...Goldstein and others have also solved another nagging problem for Bohmian models: elucidating how a deterministic theory can give rise to the fuzziness observed in quantum experiments in the first place. The uncertainty principle of quantum mechanics states that measuring the position of a quantum particle limits your knowledge of its momentum, and vice versa. The standard explanation is that the particle's state is undetermined until you measure it, but in Bohmian mechanics the state is always well defined. The trick, Goldstein says, is that measuring one variable stirs up uncertainty in the other due to interactions between the measuring device and the particle, in a way that matches the uncertainty principle.
In the early 1990s, Goldstein, Dürr and Zanghi were able to show that the statistical observations of quantum theory could reflect an "equilibrium" of underlying hidden variables. They found that in many circumstances it is natural to expect those hidden variables to evolve so as to produce that equilibrium, and thus quantum theory as we know it. But their work also suggested that in some situations the hidden variables might be out of equilibrium, in which case Bohmian predictions would differ from those of conventional quantum theory.
...The debate over whether the universe is random or deterministic is not likely to end before such experiments become possible. That won't stop physicists and philosophers from continuing to examine whether or not the logical structure of quantum theory demands randomness, or might instead rest on some deeper deterministic layer. In the latter case, predicting the future would be as simple as knowing the fundamental quantum rules and current conditions in enough detail. But even if we could do that, would we really want to? A deterministic universe might just be a little too boring.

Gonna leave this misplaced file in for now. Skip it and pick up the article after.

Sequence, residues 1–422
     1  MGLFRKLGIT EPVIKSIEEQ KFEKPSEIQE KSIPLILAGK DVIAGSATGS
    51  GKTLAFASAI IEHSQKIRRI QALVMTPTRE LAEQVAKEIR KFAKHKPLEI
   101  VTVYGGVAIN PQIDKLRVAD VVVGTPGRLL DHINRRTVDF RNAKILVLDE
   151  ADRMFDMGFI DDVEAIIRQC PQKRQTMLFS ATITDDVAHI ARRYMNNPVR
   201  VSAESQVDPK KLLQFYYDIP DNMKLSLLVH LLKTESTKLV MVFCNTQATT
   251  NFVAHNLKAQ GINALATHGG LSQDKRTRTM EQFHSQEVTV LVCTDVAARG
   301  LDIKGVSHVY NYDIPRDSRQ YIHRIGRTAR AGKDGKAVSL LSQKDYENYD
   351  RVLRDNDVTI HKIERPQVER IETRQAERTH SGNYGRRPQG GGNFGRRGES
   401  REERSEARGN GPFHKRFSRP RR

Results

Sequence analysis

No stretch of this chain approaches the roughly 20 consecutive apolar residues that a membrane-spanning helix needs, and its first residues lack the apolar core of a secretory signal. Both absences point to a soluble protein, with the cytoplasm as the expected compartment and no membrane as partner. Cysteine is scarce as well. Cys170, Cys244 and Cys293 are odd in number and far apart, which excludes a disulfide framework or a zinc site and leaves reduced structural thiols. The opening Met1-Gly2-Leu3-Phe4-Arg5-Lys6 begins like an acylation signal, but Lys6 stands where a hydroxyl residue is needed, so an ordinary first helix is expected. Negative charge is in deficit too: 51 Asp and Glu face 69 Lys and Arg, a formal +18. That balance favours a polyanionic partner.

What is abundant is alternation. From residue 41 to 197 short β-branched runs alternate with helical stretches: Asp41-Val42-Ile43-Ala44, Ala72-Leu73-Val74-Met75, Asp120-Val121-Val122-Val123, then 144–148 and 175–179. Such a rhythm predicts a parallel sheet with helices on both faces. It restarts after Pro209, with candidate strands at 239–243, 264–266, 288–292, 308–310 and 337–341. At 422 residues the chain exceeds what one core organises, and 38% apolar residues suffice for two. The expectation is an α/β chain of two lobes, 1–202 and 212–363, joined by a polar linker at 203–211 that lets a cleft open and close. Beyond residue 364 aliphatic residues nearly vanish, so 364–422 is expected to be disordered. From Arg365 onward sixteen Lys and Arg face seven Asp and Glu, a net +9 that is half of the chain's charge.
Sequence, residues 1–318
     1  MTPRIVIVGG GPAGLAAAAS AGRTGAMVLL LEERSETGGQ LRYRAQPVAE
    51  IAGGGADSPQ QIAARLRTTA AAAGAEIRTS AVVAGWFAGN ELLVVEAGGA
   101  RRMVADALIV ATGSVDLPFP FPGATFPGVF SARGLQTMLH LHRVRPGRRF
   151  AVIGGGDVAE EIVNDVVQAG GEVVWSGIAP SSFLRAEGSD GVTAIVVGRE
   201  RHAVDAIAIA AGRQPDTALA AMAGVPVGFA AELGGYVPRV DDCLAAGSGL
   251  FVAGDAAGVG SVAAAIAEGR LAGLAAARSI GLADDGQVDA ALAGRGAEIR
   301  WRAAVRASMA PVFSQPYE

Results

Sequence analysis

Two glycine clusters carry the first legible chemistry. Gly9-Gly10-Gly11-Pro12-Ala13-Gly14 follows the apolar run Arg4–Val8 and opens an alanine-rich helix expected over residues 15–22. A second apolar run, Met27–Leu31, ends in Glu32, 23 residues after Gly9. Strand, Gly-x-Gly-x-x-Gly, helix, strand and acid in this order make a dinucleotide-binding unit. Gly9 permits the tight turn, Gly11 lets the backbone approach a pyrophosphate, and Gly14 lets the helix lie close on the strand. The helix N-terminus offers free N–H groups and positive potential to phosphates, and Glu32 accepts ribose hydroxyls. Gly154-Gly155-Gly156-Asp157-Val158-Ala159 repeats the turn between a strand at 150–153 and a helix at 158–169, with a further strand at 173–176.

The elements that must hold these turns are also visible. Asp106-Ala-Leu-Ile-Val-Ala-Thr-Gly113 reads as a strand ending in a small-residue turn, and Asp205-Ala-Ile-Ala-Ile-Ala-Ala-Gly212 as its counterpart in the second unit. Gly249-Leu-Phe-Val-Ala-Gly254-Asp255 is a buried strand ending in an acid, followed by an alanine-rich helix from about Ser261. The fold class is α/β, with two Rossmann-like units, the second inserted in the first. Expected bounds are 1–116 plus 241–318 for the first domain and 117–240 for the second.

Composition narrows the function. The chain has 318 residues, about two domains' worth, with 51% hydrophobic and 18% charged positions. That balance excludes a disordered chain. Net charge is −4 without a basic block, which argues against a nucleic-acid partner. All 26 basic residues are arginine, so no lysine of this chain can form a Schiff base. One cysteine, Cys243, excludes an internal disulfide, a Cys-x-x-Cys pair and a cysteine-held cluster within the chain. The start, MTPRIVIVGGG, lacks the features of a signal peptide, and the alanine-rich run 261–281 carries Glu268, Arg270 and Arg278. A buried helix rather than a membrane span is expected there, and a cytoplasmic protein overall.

The "Bohmian mechanics" described above refers to theories originated by physicist David Bohm, who Gevin Giorbran often quoted as having strong connections to both Gevin's and my own way of visualizing reality. Here's where this all aligns with what I've been saying with this project: Everett's Many Worlds Interpretation says that we are not collapsing the quantum wavefunction, we are merely observing the wave in one particular state out of the many that continue to exist. The David Deutsch team have proved that this is the case at both the quantum and the macro level. Here's the question that my way of visualizing reality helps to provide an answer for: if the underlying fabric of reality includes every possible different-initial-conditions universe, and all possible timelines for each of those possible universes, what is it that constrains our own universe, and keeps it from wandering off into the other parts of the "omniverse" where our version of physical reality becomes impossible? It's because we are constrained by our position within the seventh dimension (or, as some cosmologists say, it is because our 3D universe is embedded within a three-dimensional and a seven-dimensional brane).
If, as the Bohmian models suggest, there is an equilibrium state where hidden variables lie to create our seemingly random but ultimately predictable universe, then where would I suggest we can find those hidden variables? In the specifically located "point" in the seventh dimension, where every possible state for our particular universe can be found simultaneously, enfolded into the equilibrium that creates the specific conditions for the universe in which we live.
Enjoy the journey,